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Why is an appraisal required?

An appraisal is an estimate of the value of a property. An estimate of the value of the property generally refers to its fair market value. The purpose and use of appraisals include transfer of ownership, financing and credit, taxation, condemnation, insurance and many others.

An appraiser is typically a state-licensed individual trained to render expert opinions concerning property values.

Authorized by Congress, The Appraisal Foundation sets minimum standards for licensed appraisers. The Foundation is the parent organization of the Appraiser Qualifications Board (AQB). States are required to implement appraiser certification requirements which are at least as rigorous as those issued by the AQB.Certified General Appraiser and Certified Residential Appraiser.

The AQB has issued criteria for the Certified General Appraiser and Certified Residential Appraiser. Each has education, experience, examination and continuing education requirements. Consider working with either a Certified General or Certified Residential Appraiser.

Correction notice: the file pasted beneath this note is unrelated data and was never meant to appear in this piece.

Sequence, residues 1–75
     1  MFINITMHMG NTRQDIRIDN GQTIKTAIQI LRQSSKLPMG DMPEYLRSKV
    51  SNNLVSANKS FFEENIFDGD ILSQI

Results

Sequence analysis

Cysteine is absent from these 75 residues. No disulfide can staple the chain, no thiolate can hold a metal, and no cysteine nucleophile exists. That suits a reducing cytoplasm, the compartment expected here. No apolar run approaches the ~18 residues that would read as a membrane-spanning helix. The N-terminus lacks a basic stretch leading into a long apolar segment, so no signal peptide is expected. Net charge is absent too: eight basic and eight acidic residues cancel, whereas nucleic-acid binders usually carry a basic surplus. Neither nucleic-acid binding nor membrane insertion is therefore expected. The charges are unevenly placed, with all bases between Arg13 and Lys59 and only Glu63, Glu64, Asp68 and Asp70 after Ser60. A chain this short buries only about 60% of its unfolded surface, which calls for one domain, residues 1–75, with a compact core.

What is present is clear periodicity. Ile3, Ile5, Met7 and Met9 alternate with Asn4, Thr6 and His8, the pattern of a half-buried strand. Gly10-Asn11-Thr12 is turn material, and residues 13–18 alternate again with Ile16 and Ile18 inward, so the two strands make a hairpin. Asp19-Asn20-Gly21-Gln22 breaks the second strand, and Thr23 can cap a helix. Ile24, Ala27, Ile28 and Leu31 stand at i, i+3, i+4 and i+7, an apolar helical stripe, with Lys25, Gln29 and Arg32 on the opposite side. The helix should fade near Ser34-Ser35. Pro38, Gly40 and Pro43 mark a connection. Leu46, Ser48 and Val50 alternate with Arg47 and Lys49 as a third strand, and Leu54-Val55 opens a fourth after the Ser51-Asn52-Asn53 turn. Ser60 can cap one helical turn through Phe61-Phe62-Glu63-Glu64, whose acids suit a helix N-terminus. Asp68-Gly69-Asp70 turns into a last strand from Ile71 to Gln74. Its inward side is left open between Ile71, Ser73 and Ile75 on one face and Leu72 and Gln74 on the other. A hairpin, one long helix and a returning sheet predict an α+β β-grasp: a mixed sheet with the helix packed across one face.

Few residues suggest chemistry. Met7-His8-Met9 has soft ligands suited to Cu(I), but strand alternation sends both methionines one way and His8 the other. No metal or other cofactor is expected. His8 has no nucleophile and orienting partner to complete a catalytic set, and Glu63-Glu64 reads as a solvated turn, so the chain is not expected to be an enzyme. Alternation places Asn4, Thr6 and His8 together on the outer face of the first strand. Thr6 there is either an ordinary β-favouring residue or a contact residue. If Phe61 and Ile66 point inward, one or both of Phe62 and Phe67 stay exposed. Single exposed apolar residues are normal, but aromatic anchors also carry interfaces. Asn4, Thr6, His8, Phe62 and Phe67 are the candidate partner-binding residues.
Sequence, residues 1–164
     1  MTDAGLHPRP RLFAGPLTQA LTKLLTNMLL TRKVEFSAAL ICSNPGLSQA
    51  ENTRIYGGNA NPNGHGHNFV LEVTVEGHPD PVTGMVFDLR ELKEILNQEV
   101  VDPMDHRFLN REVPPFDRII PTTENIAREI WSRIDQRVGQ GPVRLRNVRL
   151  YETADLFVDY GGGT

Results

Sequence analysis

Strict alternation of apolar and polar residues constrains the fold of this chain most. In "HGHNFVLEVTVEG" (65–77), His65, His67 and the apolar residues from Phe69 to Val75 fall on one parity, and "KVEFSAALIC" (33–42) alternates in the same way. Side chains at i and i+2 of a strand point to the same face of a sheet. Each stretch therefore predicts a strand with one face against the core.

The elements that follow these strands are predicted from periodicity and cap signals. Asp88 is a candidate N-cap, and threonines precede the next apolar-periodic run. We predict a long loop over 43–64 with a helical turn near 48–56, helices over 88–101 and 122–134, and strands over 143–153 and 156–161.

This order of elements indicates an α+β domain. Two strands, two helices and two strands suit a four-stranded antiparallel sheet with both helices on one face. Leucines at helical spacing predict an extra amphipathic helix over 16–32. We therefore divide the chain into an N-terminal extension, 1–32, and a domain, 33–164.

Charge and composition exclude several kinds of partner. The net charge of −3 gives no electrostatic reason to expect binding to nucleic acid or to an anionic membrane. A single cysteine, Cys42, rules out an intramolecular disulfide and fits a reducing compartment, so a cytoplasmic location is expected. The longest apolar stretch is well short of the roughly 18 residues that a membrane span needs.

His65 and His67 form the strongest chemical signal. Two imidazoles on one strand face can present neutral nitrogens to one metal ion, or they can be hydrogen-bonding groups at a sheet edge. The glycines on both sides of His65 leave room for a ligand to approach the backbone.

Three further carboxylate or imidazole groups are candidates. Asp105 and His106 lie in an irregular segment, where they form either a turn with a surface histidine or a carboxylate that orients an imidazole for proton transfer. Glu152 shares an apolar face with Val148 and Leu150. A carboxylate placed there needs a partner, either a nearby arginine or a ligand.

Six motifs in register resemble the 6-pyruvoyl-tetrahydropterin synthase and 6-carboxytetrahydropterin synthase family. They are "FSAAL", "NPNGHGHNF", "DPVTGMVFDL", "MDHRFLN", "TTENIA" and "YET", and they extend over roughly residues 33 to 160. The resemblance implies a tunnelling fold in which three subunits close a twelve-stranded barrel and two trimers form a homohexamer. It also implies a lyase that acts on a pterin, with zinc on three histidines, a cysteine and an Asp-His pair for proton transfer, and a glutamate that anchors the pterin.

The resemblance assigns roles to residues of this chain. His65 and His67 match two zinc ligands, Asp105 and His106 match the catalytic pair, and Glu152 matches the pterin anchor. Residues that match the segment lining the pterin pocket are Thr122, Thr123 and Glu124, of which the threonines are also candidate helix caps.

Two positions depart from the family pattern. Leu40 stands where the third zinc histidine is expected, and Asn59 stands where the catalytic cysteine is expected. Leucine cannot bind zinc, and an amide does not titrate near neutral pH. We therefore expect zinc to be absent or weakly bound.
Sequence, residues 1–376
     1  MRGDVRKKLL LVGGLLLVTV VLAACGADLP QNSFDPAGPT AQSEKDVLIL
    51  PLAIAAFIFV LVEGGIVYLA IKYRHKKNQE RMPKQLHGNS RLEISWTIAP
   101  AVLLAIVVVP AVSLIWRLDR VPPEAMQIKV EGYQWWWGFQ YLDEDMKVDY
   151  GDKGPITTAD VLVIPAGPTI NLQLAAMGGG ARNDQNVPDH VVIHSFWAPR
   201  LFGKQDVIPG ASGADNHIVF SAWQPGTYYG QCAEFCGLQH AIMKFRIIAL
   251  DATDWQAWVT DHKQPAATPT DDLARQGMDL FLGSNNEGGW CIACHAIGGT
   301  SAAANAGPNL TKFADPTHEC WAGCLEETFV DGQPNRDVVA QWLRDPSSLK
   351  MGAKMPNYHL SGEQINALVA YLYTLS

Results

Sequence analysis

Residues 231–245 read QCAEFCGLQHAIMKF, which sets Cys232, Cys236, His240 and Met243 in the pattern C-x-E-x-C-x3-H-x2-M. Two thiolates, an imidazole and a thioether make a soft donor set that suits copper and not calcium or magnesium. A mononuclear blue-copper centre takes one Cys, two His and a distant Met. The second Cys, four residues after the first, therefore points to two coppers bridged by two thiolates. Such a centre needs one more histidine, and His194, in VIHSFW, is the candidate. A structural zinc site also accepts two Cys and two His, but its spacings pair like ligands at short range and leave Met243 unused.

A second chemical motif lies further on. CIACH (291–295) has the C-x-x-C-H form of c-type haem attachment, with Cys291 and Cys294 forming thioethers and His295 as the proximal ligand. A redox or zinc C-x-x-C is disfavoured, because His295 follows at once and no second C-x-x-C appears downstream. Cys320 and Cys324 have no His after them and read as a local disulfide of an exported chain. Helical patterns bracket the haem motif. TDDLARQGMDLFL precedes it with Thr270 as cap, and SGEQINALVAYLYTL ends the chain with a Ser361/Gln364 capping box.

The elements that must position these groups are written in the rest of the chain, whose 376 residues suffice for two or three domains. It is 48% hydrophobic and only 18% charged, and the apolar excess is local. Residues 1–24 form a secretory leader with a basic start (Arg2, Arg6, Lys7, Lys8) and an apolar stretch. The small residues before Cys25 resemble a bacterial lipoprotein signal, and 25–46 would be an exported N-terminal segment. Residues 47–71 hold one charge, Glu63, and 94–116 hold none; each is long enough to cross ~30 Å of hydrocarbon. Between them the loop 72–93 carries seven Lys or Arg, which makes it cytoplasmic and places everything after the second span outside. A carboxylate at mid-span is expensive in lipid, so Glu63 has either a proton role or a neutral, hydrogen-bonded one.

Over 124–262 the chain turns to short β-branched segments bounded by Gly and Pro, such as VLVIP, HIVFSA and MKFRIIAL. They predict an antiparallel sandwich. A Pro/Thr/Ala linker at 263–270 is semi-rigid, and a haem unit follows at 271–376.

The appraiser considers three approaches to value when arriving at an opinion: sales comparison approach (formerly the market data comparison approach), cost approach and income capitalization approach. When evaluating single-family, owner-occupied properties, the sales comparison approach is most heavily weighted by an appraiser. This approach compares the subject property with other similar properties in the vicinity which have sold or are for sale. Real estate professionals also rely heavily on this approach.

Real estate agents approximate the appraisal process by conducting a Comparative Market Analysis (CMA), using the sales comparison approach to value. The accuracy of the agent's appraisal depends on the experience and skill of the agent. The CMA is not an officially recognized appraisal.